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|Tuesday, 20 November 2012|
Four years after fire, Florence church has new building, new life
By Jessica Connor
FLORENCE – Four years ago, the worst thing imaginable happened to the members of Dawsey United Methodist Church: A rogue bolt of lightning burned their beloved home-away-from-home to the ground.
Gone were the meeting rooms that used to bustle with United Methodist Men meetings, Bible studies and mission efforts. Gone was the pretty sanctuary that, week after week, ushered in the Holy Spirit and offered the Good News for all to hear.
Gone was their gathering place, their nucleus, the place they had been baptized and married.
Instead, they were left with a shell of a structure, heavy decisions to make and lots and lots of pain.
But now, four years of “wilderness” later, the church is experiencing its very own resurrection. Everything they ever knew about church was washed away. And while the building process was difficult and divisive, Dawsey’s pastor the Rev. Angela Etheredge-Manly believes her flock has come out on the other side stronger and completely ready for what God has planned.
“They’re learning to be a church again,” Etheredge-Manly said.
Before the fire, Dawsey had been like many other UMCs across South Carolina: struggling to thrive and grow despite dwindling membership numbers and an increasingly unreligious society. Started in 1969 and named after the late United Methodist Bishop Cyrus Dawsey, who is originally from Horry County, the church strived to be missional and strong after its namesake, who was dubbed the “Asbury of Brazil” and rode a donkey throughout that country proclaiming the Lord.
“We held on,” said Bobby DeVane, a charter member of the church, her eyes bright as she recalled years of mission outreach to the community outside its doors.
But after the fire, the church suffered what some would call an identity crisis. Decisions such as what style church to build or whether to change the name caused much friction among members. It took a long time before construction began, and the building process itself also dragged on, only fueling the tension.
“There were some hurt feelings because it was so personal to them,” Etheredge-Manly said, noting the aftermath was much like a cycle of grief. “It was a very, very stressful situation.”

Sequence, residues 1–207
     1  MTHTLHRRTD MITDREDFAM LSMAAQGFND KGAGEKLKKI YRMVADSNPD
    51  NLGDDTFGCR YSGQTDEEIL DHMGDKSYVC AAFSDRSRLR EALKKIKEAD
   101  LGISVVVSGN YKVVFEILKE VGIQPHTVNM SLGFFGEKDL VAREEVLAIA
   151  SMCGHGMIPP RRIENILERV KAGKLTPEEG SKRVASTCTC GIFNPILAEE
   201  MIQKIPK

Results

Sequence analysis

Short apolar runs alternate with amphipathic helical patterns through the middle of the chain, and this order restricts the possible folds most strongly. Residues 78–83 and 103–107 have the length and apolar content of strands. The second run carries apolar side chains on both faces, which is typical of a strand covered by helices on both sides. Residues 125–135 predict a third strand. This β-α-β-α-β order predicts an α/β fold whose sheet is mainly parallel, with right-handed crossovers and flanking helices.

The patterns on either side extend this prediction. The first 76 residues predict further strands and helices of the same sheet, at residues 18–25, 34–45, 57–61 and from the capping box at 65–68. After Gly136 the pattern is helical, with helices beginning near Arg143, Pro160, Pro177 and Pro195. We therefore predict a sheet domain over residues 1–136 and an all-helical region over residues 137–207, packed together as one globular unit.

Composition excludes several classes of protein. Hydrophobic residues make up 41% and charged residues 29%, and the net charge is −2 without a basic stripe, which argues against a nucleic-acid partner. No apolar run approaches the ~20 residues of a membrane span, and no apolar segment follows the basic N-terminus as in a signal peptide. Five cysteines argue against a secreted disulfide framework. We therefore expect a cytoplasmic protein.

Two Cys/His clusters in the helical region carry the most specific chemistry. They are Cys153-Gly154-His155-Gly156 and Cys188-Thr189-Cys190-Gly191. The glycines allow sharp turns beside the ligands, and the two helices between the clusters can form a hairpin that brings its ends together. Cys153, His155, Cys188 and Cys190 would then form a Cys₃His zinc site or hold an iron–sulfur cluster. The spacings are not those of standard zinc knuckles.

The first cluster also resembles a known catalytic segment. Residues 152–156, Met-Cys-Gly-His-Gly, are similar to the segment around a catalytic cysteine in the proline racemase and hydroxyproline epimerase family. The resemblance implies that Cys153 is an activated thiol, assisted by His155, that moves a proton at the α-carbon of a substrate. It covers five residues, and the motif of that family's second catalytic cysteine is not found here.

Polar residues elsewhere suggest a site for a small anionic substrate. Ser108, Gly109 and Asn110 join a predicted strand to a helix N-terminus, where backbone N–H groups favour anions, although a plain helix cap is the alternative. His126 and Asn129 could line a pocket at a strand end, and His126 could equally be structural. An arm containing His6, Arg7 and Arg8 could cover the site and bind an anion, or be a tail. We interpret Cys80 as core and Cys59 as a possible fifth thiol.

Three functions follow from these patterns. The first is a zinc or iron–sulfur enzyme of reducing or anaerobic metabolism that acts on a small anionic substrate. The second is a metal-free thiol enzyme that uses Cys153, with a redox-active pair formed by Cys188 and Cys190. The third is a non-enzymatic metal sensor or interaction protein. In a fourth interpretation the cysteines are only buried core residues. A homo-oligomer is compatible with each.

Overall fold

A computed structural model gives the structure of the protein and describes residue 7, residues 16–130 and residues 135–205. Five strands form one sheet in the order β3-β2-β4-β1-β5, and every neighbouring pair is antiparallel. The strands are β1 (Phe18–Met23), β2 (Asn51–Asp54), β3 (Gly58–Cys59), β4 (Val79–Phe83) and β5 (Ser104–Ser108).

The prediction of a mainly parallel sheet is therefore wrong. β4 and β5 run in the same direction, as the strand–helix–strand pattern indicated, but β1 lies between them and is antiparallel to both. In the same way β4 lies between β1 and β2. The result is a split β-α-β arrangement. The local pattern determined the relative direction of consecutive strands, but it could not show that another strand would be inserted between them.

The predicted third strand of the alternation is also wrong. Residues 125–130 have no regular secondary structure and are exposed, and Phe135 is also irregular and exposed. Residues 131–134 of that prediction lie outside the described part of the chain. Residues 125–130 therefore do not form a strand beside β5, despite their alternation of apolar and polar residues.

Compounding the situation was the variety of places the congregation met over the four years: they met at a barbecue restaurant for a while, then the local school, then used space awhile from the Baptist Association.
“It was definitely a wilderness experience,” Etheredge-Manly said. “Even though a building doesn’t make a church, it does give it a cohesiveness.”
Now, its new building complete, the church is beginning to come alive again. Recently, they did a community garage sale, a back-to-school cookout with bouncy houses and a Blessing of the Animals service. They are seeking fresh new mission projects and even international mission opportunities. They want to use their new building to help them carry on God’s work.
Dawsey is also reaching out to younger people, mentoring them and enabling them to take on leadership roles in the church. Two young people are doing their offering, and the youth are writing their own music to older songs. They are embracing new technology, using Skype to include a member in Sunday school who is now away at college.
Perhaps because of all this, they are growing: slowly, but steadily.
“I feel He’s leading us for a reason, and I think God’s hand was in all of this,” DeVane said. “We’re ready for a new beginning and to put all of that behind us.”
“We’re learning to be the church again, to be cohesive again, to overcome our grief and be a light to the community,” Etheredge-Manly said. “No longer focused on the physical but on building ourselves back up.”
It doesn’t hurt that the new building has much to offer its members and the surrounding community. Painted a fresh gray with bright white trim, the Mark Ward-designed building is contemporary with traditional elements – much like Dawsey itself. Sunday school rooms, spacious nursery, new fellowship hall and kitchen, big airy sanctuary, open foyer and portico welcome members, guests and visitors inside the church. A “green” building, the structure screams “new” between the smell of fresh paint and the clean lines that mark the design. Bells sound every hour, a gift to the neighborhood and the church family.
Their structure complete, their wounds on the mend, members now turn their sights on a God-led future.
“It’s a new beginning for us wherever God leads us to,” DeVane said. “We know he has a mission for us, and He’ll open up and tell us what He needs us to do.”
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